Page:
Springer Online Journal Archives 1860-2000
Process Engineering, Biotechnology, Nutrition Technology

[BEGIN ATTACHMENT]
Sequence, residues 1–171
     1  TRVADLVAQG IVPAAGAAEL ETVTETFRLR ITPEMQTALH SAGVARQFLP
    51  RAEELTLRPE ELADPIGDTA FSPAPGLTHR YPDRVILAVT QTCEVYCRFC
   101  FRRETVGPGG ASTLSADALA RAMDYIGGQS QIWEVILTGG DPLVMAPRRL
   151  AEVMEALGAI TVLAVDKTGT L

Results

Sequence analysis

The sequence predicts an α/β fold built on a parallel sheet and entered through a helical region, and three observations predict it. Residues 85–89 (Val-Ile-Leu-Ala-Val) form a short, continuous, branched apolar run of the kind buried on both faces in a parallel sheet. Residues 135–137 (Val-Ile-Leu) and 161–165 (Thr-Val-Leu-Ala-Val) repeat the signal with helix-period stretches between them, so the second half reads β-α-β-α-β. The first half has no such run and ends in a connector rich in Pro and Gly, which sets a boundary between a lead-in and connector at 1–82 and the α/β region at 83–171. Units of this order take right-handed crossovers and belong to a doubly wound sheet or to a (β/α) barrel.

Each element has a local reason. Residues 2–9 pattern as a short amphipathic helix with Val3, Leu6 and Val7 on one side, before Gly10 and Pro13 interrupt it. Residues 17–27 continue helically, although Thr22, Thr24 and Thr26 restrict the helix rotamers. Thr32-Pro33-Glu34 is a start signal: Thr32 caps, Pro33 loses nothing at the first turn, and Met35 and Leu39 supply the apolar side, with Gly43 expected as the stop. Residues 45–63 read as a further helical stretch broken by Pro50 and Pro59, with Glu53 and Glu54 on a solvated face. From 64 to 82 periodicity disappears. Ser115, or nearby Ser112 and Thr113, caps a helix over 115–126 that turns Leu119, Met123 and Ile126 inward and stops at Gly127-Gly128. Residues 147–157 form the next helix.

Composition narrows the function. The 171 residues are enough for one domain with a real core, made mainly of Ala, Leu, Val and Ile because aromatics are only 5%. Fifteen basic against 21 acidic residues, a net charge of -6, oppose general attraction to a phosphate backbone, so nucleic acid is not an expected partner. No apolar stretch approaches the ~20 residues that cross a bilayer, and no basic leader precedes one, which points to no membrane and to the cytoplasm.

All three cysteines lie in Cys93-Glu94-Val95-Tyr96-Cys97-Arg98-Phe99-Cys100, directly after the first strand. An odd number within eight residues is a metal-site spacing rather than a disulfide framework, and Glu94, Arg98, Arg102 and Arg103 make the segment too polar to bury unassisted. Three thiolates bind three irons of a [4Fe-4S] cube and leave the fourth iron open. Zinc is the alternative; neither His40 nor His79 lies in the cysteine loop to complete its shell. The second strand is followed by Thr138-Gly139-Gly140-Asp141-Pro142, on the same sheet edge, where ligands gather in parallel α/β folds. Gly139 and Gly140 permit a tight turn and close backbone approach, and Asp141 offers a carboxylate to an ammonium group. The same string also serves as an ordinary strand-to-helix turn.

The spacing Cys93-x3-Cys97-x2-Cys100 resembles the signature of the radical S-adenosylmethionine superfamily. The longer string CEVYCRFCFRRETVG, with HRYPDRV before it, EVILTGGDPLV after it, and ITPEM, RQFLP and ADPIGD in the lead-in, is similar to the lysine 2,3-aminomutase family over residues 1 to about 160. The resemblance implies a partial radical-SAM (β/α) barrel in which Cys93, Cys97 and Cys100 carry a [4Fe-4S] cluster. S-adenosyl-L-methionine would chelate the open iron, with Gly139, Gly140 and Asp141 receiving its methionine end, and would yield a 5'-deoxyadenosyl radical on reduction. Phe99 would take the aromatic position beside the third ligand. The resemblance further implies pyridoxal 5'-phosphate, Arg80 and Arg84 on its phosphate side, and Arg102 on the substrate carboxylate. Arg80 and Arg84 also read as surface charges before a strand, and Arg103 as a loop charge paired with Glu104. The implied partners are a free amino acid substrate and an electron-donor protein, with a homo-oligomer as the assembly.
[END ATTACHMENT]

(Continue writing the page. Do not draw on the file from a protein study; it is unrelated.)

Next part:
Abstract Spent mushroom substrate (SMS) leached with water or treated with chelating agents to remove metal cations, pasteurised to remove any harmful micro-organisms and mixed with peat has potential as a casing material for mushroom production. The microbial and chemical changes in SMS after treatment with citric acid, ethylene diaminetetraacetic acid (EDTA) and water were compared; treatment with the chelating agents resulted in lower ash content, conductivity and minerals, higher fibre fractions, carbon, hydrogen and nitrogen. The microbial and chemical changes in the materials after treatment with the two chelators and water were compared. Blending peat with the heat-treated materials at a ratio of 1:1 resulted in improved physical properties. The casings prepared from the test materials and the control, consisting of 100% peat, were compared after neutralising with lime for their productivity in a mushroom yield trial. As expected, the compost bags cased with the control were the most productive compared to the other casings. Of the three treated materials, casing prepared from SMS treated with EDTA blended with peat was the most productive. Dry matter of harvested mushrooms from chelated-SMS casings was significantly higher than the control casing. Comparison of the main components of peat and chelated SMS revealed that the major differences were in the proportions of ash, lipid, lignin and fibre fractions. The stability of some of these components, when complexed with metal cations present in lime may play an important role in determining the composition of the cell wall in fruiting bodies leading to high dry matter content.
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